My point: Who knows what the future holds? Right now, it looks like most companies are overcomming storage capacities with more compression for right now. Panasonic is in the minority, and pushing a format that is ahead of its time. I wouldn't be surprized if dvcpro hd is displaced by a newer codec in the near future. The good news is you'll still be able to use your P2 cards with the new format, at least lets hope so.

Me, I would like to see a company come out with a non-proprietary solid state memory format. For right now I'll wait for the future and will be shooting minidv and hdv for a few more years.
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Old February 6th, 2007, 04:41 PM   #47
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Originally Posted by Drew Curran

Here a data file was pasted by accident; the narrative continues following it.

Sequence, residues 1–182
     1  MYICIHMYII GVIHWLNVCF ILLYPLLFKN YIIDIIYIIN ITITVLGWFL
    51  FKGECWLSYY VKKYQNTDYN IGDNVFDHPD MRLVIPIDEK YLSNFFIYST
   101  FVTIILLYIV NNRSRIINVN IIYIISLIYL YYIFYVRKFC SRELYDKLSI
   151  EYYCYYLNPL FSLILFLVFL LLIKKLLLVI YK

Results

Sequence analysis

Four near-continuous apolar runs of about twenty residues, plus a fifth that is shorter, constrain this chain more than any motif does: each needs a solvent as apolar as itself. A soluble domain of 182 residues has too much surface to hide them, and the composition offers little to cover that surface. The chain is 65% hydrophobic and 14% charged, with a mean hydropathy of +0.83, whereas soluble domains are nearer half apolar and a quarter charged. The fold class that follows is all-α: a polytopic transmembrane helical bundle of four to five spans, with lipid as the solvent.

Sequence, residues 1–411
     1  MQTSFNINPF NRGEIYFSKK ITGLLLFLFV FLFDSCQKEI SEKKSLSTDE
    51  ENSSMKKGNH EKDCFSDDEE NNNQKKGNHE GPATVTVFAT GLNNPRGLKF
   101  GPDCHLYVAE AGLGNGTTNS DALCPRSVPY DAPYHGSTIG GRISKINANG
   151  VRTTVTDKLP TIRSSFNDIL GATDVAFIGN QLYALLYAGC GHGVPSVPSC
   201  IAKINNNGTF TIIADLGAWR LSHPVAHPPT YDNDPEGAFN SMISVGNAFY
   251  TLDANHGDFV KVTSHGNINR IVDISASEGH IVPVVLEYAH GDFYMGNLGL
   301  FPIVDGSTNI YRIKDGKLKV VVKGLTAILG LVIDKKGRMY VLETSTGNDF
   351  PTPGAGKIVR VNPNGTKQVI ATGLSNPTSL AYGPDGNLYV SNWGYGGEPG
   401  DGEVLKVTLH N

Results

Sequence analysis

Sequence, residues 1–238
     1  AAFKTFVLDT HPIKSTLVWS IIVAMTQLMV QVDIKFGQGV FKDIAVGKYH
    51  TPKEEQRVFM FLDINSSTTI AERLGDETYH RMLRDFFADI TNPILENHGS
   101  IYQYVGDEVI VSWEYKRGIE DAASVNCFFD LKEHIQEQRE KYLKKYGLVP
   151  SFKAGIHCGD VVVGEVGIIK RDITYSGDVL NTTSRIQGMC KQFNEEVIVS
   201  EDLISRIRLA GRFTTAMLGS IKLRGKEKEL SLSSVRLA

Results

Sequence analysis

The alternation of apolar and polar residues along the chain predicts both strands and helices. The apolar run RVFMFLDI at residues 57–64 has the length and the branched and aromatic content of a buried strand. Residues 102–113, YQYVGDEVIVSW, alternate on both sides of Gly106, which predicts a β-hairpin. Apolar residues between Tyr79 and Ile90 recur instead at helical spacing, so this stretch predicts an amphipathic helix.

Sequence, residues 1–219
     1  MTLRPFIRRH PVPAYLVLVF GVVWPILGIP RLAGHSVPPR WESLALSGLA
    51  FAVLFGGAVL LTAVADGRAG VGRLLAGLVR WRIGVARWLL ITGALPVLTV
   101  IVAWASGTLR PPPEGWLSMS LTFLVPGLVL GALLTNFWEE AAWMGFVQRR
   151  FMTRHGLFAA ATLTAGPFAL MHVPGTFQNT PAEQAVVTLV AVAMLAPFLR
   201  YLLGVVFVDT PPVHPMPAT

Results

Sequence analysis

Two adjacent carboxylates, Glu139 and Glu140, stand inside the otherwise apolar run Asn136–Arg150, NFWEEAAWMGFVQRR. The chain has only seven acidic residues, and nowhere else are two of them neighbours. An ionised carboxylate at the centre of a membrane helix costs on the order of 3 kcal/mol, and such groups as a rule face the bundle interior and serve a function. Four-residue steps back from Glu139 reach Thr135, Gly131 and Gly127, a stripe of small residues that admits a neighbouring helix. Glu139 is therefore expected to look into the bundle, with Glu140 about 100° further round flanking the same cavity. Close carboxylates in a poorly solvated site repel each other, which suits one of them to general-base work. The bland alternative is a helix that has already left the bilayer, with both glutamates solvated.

I think, IMHO, that P2 is a great idea , no capture time - can fail tho.
P2 has a significant capture (transfer) time unless you plan to edit directly from the cards, which most people aren't doing because the cards are too expensive to use that way. That's another reason standard flash memory will push P2 aside, because it will more quickly get to throw-away cheap so you can just leave your data on the cards.

As far as fail-safe recording is concerned, the best way to ensure that is to record simultaneously to both a primary and backup solution. Can P2-based cameras do that? How much would it cost per minute to record HD content to two P2 cards in parallel?

We'll all laugh someday when a 250gb P2 card will be bought for $150.